Train at high altitude—in the privacy of your home—for a boost in athletic endurance.
In the Planica valley of northwestern Slovenia, an area known for world-class ski jumping, there is an Olympic training center in which an entire floor simulates altitudes as high as the base camp at Mount Everest. On this floor, athletes can train or play basketball on a full court or sleep in a high-altitude environment known to alter the body’s metabolism. Here researchers conduct experiments on the physiological benefits of training and sleeping in a low-oxygen (or hypoxic) setting. These include the increased production of red blood cells, more efficient breathing during strenuous workouts, higher fat metabolism, and a delay in lactic acid buildup—some athletes also report weight loss. Research even suggests that experiencing a low-oxygen environment might benefit diabetics, those with asthma or COPD, and those trying to boost their metabolism. Pro athletes including Michael Phelps and LeBron James insist that sleeping or training at simulated high altitude has made a difference in their athletic performance.
The facility in Slovenia is one of dozens built by b-Cat High Altitude, a Netherlands-based company that specializes in building rooms that can simulate a high-altitude environment for athletes, often at elite training centers. “In Germany we build a lot of recovery clinics to help athletes recover from an injury or illness. Trainers there believe very strongly that sleeping at altitude will increase the body’s ability to bounce back from injury,” says Edwin Willemsen, co-owner and director of b-Cat. But the company also builds these rooms in homes, because recreational athletes are discovering the benefits of high-altitude acclimatization.
“Specifically, these athletes are trying to increase red blood cell production,” says Krista Austin, a Colorado Springs, Colo.–based physiologist who specializes in altitude training for Olympic athletes and intermittent hypoxia training, which works, she says, if you do it correctly—which means spending enough time in the high-altitude room. “We know you need to be in the room for more than 12 hours a day to do that,” says Austin. Being in a tent or thin-air environment causes the body to generate erythropoietin, a hormone that spurs the production of red blood cells. This hypoxic setting also stimulates the body’s metabolism, or as Austin puts it, “It unclogs the pipes.” Even if people spend just a few hours in the tent, the low-oxygen environment can improve their breathing rate, and this also improves their endurance and their perception of their endurance level. They labor less during competition, which offers an advantage.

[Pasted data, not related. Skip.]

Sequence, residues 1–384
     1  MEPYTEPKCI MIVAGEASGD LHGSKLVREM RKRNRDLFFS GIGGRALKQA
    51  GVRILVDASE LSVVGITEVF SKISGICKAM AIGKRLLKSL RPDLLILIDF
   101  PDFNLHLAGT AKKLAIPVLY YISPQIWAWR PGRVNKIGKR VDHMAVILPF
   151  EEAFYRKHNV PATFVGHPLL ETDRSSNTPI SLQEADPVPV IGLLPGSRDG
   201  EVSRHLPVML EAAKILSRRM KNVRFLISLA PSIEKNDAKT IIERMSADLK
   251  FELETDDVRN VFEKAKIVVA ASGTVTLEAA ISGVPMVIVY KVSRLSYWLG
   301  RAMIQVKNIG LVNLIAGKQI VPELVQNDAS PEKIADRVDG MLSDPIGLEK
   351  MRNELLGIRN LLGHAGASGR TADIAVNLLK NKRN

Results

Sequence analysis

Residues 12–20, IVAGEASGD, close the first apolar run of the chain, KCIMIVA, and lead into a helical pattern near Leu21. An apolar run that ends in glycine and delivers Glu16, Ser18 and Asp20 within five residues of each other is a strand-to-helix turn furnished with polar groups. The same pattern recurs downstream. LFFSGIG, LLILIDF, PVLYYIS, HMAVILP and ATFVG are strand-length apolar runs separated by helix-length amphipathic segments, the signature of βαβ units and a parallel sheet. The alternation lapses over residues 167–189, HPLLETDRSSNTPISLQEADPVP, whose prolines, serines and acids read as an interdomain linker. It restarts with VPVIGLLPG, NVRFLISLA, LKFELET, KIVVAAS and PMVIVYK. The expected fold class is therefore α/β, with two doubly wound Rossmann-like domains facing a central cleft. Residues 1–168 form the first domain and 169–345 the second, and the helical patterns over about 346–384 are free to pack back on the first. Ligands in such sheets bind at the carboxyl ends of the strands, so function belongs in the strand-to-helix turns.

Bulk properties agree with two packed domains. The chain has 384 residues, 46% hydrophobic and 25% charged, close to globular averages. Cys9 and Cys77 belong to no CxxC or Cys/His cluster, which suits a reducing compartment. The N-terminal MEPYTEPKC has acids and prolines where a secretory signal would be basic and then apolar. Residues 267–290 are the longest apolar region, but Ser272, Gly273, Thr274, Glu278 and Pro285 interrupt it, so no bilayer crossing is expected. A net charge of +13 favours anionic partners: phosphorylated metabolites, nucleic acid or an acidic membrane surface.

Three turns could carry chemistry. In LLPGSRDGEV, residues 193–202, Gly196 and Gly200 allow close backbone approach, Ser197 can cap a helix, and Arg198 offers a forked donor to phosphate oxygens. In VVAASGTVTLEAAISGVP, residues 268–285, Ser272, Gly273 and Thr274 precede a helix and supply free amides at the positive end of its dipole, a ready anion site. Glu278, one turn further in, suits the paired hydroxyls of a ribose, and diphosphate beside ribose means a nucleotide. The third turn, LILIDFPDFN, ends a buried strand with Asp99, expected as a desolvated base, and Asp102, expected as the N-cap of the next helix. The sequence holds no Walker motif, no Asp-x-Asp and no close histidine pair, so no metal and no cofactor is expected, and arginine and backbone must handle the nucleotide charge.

So, how does b-Cat High Altitude create this milieu inside a home? “We reduce the oxygen concentration in the room by using a filter that takes out oxygen, and we do it in a controlled manner,” says Willemsen. They seal off a master bedroom or home gym and then equip it with a control system that constantly monitors the oxygen content and carbon dioxide concentrations in the room. Willemsen says that most people acclimate gradually to altitude sleeping, starting at 6,000 feet initially, before going any higher. “Every individual reacts differently to this environment,” he says, which is why the company recommends medical support at the outset, so clients do not push their bodies too hard.
Austin agrees, saying that her clients often use high-altitude sleeping or training rooms at home to maximize weight loss and to boost their fitness levels, even if they are not competing. While her clients may have an exercise bike in their high-altitude room, she supervises these workouts so that they are working at only 60 or 70 percent of their aerobic reserves. “They are so busy, they only have 30 minutes in the morning. And they tell me they need to reap real cardiovascular benefits. Training at altitude is one way to accelerate this. It’s not a magic pill. You have to make lifestyle changes, too, but it can really give you greater benefits quickly.”